From NYC to BOI: How Walkability Contributes to City Sustainability
Many elements factor into a city's sustainability. The economy, the quality of life for its citizens, the culture, and the potential for growth all affect a city's lifespan. It's easy to overlook how walkability contributes to a sustainable city, but these two qualities can make a small city prosperous and turn a large city into a true treasure. To illustrate this point, let's compare two US cities and their walkability.
New York City, New York is the most walkable city in the country and an internationally recognized center of urbanity and financial might. Boise, Idaho, by contrast, is a smallish city in a mostly rural state that is moving towards cultural and economic significance in the West. What walkability lessons can NYC offer Boise in terms of sustainability?
Why is walkability important to city sustainability?
First, let's talk about why any city should even pursue walkability to bolster its sustainability. The health of a city can be greatly boosted by a focus on improving walkability because it is a quality that most starkly reflects the economy, culture, and crime rate of a city. If any of these areas are weak, the walkability of a city will go down. This makes it a barometer of sorts for the health of a city.
New York City: The Picture of Sustainability
New York City doesn't even have to try. It's the #1 most walkable city in the country for a reason. New York boasts the world's largest rapid transit system, a huge portfolio of bicycle lanes, and an impressive 29,000 acres of Parks stewardship. All of these aspects add to NYC's walkability by providing safe, well-maintained areas for transit and recreation.
Also take into account the fact that New York has a wealth of diverse areas that are sewn together into a quilt of culture. There aren't huge gaps between social centers or commercial districts. Urbanist Mitchel Loring said in This Big City's September #citytalk that he believes that a city fails when:
When people only feel comfortable in physical/defined places, never in the spaces between the places #citytalk
— Mitchel Loring (@MLLoring) September 18, 2013
Someone walking on the streets of NYC will have the distinct feeling of New Yorkness that makes such a diverse city feel cohesive.
Boise: A Promising Metropolis
As a case study of a smaller city, take a look at my old hometown, Boise, Idaho.
Culturally, Boise does have areas to recommend it. The Grove Plaza (known colloquially as "The Grove") spans several city blocks. Bollards block vehicles from the area, making it safe for pedestrians. Children (and adults) can play in the Grove fountain, which shoots water up from the pavement. On any given evening, especially on weekends, this area comes to life. Julia Davis Park, which boarders Boise State University's very walkable campus, has the Boise River and the Green Belt running through it, as well as being situated right alongside a Rose Garden, Art Museum, History Museum, and City Zoo. A bit farther down the way, Ann Morrison Park is popular for many outdoor activities.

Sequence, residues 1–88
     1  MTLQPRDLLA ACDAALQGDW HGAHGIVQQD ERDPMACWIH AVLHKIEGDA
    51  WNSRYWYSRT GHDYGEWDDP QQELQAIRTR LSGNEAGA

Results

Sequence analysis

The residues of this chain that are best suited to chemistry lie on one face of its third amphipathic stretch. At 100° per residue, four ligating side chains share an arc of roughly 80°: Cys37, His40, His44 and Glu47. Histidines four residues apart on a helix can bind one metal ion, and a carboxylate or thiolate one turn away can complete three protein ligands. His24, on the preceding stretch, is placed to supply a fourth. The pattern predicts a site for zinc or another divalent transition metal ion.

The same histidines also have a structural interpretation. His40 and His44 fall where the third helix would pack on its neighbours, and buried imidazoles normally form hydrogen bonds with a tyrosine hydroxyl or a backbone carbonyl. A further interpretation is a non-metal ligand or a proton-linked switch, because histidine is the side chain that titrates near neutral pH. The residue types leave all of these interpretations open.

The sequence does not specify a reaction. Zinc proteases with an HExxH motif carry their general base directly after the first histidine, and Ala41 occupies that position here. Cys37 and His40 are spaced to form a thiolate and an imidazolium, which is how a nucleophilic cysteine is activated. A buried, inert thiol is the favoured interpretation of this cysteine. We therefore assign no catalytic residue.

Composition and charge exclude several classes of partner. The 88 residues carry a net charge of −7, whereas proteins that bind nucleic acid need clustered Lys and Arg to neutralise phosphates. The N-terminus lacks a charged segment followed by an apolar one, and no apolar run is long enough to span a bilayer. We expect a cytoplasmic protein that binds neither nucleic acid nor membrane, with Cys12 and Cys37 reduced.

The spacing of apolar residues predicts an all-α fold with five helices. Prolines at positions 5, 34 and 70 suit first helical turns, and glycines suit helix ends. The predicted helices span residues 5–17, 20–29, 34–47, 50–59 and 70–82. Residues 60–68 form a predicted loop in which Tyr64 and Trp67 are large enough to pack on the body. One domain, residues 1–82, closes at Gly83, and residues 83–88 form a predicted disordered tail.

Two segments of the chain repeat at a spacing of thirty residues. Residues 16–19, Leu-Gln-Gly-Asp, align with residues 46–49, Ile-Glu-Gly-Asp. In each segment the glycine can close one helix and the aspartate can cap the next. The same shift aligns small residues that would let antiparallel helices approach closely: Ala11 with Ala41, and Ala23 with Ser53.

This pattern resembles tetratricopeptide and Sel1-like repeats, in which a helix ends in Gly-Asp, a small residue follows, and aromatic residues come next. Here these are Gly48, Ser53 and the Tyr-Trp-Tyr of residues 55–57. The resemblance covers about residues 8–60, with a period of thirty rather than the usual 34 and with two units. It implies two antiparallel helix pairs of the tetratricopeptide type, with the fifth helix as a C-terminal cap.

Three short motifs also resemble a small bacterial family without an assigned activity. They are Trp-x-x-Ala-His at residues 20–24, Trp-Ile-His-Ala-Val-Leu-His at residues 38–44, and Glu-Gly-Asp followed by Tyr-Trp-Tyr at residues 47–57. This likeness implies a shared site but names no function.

In terms of food and medicine, Boise already has a lot going for it. The downtown location of Boise-based warehouse-supermarket, WinCo, provides a viable supermarket within walking distance of many downtown homes. The Boise Co-Op, too, gives the highly walkable North-End a source of fresh produce. St. Luke's Hospital proper sits at a corner very near the heart of the city, making it accessible to many people on foot. Steps have already been taken to nurture downtown Boise's growing walkability. November of 2012, Idaho's only location of Whole Foods opened right near Winco, at a busy intersection near St. Luke's Hospital. This year, Idaho's only location of Trader Joe's will open smack dab in the middle of downtown.
Meanwhile, JUMP (Jack's Urban Meeting Place) is in construction for a 2015 premier: the Simplot-sponsored, 65,000 sq ft community center will add much-needed additional walkability to Boise's "BoDo" district.
Growing a City with Walkability
Outside of these thriving downtown areas, there's very little walkability of any kind in Boise. Aside from the well-kept Green Belt that runs 25 miles across the city, there are very few places popular for walking and sitting. Most of the city's bus stops don't even have benches.
So what should come next for Boise?
In order to share the walkability success that the North End enjoys, Boise should first emulate New York's commitment to a public transit system. All the most beautiful parks and community events in the world aren't worth much if one can't get to them without a car. The likelihood of a Boise subway system is low, but an improved bus system would go far.
Next, Boise should expand its profile of bike lanes. In a city with a large population of cyclists, there are shockingly few truly safe bike routes that span the area.
Despite there being plenty of walkable areas in the North End and even Bown Crossing to the East, there are deserts of walkable areas in West Boise. Putting in a pedestrian-friendly, sitable commerce area like Little Italy would be a great start in making the city truly interconnected.
By undertaking these tasks, Boise could boost its sustainability and make paces in catching up to the nation's walkability leaders.
Improving walkability is important to maintain or create a successful city. By uniting its denizens in a city's culture and attracting outside visitors and business, a city can reinforce its strengths and guarantee a bright future.
Robert Dalton is a writer from Portland, Oregon. He currently writes for Reliance Foundry, supplier of eco-friendly bollards.